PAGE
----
What would make the ultimate Smartphone for a Healthcare Professional?

Mobihealthnews has an interesting report on smartphone adoption by Physicians in the USA. Whilst my gut tells me it’s a little too high, according to Manhattan Research, 72% of US Physicians are already using Smartphones.

What better opportunity to list the key attributes that I think a device maker should pack if they want to dominate the Healthcare Smarphone market:

1) Ability to be sterilised (or at least cleaned) and a bit of drop/scratch resistance!

2) Locking application (that can run in the background) and a Forward Facing Camera and Voice Recognition for User Authentication

3) Preinstalled Content and plenty of memory (for all your text books, CME and the Harley Street TV made-for-mobile Videos you want to share with your patients!)

5) HD Voice and Video Calling (the closer you are to someone the better the communication)

6) High Quality Camera/Video Recorder (for updating patients Multimedia Health Record)

This is the Nokia N8 – the device that is currently setting the benchmark packing a 12 megapixel camera, Carl Zeiss optics, Xenon flash and Autofocus.

7) Secure Cloud-Based Voice Recognition Application (for transcribing, sending notes/emails etc)

So who’s best placed to get this to market first? I wouldn’t want to bet against the $3.6 Billion R&D budget of HP (the newest smartphone maker) to fill this gap…

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10 Responses to What would make the ultimate Smartphone for a Healthcare Professional?

  1. bart says:

    Very nice overview!
    Ruggedized should indeed be on N°1! (Gorilla glas as req?)
    Interesting you are choosing voice control in favor of touch control
    Maybe add:
    1) Connectivity 1: Open source OS?
    2) Connectivity 2: Bluetooth? zigbee? rfid? ant? …
    3) Connectivity 3: HSDPA, WiFi b/g/n, 4G ready, …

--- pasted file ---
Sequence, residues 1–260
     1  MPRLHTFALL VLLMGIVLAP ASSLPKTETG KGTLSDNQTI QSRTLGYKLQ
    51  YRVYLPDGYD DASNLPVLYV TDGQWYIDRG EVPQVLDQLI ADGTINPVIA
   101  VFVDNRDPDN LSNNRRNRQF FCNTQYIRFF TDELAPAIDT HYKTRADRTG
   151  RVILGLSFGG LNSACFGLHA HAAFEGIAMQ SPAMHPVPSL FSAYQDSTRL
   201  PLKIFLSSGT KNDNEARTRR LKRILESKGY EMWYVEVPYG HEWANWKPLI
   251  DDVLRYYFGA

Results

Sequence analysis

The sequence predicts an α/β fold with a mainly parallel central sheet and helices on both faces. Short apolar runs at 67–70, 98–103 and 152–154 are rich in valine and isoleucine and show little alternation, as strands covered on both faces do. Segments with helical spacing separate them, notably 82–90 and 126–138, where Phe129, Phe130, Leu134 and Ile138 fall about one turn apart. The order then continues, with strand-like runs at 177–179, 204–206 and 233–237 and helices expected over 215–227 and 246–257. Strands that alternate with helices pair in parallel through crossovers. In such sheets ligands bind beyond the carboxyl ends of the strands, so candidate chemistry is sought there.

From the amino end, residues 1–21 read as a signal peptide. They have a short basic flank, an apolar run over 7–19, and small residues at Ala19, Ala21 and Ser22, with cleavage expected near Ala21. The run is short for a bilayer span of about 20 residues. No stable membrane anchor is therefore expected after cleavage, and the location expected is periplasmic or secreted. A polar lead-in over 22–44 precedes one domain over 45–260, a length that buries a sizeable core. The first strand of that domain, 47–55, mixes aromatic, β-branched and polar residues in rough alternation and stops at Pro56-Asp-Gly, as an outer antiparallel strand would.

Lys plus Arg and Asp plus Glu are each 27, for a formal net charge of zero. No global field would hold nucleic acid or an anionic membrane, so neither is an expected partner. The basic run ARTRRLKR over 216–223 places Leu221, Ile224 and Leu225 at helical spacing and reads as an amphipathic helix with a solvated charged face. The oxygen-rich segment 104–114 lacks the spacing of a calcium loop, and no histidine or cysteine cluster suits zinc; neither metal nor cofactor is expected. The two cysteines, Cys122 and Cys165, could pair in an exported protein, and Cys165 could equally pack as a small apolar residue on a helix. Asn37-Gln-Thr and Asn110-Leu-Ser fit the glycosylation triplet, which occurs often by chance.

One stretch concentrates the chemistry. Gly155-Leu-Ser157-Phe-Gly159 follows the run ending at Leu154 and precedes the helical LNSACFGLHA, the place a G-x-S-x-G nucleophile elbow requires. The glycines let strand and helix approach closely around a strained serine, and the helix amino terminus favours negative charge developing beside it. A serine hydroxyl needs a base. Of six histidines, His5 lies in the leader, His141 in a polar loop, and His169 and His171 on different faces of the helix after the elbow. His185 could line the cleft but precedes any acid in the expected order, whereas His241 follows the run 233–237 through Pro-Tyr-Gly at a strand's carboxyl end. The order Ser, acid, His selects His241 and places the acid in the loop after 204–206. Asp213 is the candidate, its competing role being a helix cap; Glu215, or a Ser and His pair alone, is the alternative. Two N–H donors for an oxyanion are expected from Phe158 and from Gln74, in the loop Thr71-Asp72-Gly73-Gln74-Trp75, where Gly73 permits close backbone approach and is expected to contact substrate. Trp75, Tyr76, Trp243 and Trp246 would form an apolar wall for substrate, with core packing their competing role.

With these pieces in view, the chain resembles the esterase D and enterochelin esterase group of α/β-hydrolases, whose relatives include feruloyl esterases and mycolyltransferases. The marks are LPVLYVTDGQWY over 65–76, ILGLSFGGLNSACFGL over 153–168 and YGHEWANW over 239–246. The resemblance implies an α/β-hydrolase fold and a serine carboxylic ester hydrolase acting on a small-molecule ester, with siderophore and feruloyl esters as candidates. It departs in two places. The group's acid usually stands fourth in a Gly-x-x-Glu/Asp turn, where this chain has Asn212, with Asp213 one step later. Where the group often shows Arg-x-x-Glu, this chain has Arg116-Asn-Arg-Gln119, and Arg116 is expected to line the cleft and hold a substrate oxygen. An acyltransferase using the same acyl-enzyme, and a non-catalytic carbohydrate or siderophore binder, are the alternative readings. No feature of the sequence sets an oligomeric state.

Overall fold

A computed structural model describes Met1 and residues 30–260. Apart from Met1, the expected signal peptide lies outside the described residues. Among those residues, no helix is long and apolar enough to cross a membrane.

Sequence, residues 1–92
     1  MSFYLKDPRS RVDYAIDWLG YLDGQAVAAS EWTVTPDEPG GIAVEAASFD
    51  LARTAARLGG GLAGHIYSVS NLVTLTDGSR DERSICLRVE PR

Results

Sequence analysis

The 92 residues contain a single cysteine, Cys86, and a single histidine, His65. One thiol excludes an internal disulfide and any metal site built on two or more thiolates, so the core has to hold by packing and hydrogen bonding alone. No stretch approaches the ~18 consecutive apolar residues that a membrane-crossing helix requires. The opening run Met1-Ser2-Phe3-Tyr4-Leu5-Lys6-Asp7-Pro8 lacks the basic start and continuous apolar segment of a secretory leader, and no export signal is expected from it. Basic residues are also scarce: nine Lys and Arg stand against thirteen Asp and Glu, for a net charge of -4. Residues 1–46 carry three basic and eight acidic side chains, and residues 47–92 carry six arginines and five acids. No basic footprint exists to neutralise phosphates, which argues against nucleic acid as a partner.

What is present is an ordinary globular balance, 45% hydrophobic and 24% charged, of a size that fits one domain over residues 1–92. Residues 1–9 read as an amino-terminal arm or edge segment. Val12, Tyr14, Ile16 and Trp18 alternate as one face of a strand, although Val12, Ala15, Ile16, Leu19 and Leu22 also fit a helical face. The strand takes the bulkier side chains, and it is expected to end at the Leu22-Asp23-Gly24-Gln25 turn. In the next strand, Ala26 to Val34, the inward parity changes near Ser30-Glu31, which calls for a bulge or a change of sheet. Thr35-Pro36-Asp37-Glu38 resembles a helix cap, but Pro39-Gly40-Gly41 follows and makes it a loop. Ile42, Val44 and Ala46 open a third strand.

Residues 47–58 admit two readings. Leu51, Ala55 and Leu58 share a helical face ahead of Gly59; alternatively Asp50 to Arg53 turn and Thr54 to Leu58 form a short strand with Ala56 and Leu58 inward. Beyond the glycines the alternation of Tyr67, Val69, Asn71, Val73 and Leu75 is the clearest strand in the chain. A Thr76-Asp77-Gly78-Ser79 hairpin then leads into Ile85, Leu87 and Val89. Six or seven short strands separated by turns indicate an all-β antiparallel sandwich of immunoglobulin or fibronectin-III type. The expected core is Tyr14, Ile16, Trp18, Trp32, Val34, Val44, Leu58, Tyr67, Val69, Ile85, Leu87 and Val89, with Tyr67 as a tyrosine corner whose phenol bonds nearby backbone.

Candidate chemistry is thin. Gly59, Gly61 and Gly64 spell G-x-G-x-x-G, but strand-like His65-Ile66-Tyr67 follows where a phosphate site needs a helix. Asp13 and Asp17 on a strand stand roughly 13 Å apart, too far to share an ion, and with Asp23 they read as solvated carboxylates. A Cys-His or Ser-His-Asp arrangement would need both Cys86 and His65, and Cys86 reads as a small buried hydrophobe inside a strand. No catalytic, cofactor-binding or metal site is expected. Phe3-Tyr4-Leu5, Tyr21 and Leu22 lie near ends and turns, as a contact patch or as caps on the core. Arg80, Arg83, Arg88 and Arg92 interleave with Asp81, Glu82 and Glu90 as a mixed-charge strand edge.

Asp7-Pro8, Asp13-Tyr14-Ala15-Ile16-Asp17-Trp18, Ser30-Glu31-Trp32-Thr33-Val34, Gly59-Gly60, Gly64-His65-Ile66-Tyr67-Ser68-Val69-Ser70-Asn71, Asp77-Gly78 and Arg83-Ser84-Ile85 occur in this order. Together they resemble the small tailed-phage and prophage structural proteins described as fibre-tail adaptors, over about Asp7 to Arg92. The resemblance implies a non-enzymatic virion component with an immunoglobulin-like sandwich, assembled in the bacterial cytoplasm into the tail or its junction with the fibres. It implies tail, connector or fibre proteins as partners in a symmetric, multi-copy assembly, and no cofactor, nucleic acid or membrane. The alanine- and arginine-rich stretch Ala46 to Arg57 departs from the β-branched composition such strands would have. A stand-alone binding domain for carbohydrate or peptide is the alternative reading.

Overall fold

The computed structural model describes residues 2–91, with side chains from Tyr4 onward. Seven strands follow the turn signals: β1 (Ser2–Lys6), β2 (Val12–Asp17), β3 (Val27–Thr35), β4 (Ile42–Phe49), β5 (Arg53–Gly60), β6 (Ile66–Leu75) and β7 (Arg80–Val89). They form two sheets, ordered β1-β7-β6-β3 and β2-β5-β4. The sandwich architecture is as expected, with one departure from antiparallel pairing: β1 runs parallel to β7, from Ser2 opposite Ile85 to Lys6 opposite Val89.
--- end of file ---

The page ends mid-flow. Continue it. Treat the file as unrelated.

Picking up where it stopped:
4) Battery life!
    5) GPS! (or other tracking)

  2. Thanks for your comment Bart,

    It’s not just the ruggedised element. The problems of community acquired infections and the use of modern infection control measures means that staff mobiles are the dirtiest equipment used in a modern hospital.

    I love touch but the voice allows new use cases – like PTT and lapel fixing of the device etc etc (some of the things your lucky staff have already got with your Ascom DECT system!)

    While I like your 1 to 5 I’d either already expect them (eg. 3G, Bluetooth, GPS, WiFi, Decent Battery – any competitive smartphone has these!!!) OR if they weren’t present I wouldn’t see them breaking the appeal of a device that had the others.

  3. bart says:

    hehe, as i pay 700,00 EUR (ex VAT, without installation cost) for 1 Aastra 630d mega-ruggedised dect-phone,
    and already 1 phone couldn’t celebrate it’s 5 months birthday because of continous drops/falls/submergings/.. and other tortures …
    ruggedising = big ($$$) issue
    I personally know IT-managers ditching PDA’s because of employee torturing.
    (BTW: the 630d has easy to clean surface)
    NOW, as ruggedising is a big issue, …
    Suggest me one (semi-) ruggedised smartphone that has all the needed features (your specs + my 1 to 5 points).
    Max battery life for wifi = 8 hours for example (if you just leave it unused during that time).
    Love your overview and clear choice for voice control, but never underestimate the cruelty of employee (mis-)handling!

  4. I agree with your concerns but think we have to take a fresh analytical look at the ways we are using devices. 10 years ago I saw Prof Darzi doing this type of analysis in a Surgical Suite and the results were amazing. Ask when/where are the drops happening? Why?

    Findings would probably be different for different types of staff and the types of jobs they do. But you’ll probably find that a smart device could predict when it would fall, might benefit from a casing/clam shell design, interchangeable lanyard, an accessory device (eg. an earpiece), etc etc

    Take my word for it – this opportunity to differentiate is so big that there will be a device manufacturer working on a solution and customers will vote with their orders.

    Do you remember the build quality of Siemens mobiles? I’d bet that if they were still in business every consumer would probably already have a phone that could be dropped off a wall into a tank of battery acid!

    Then again don’t we already have wooden phones from Sharp and Fujitsu! http://www.nttdocomo.com/pr/2009/001454.html

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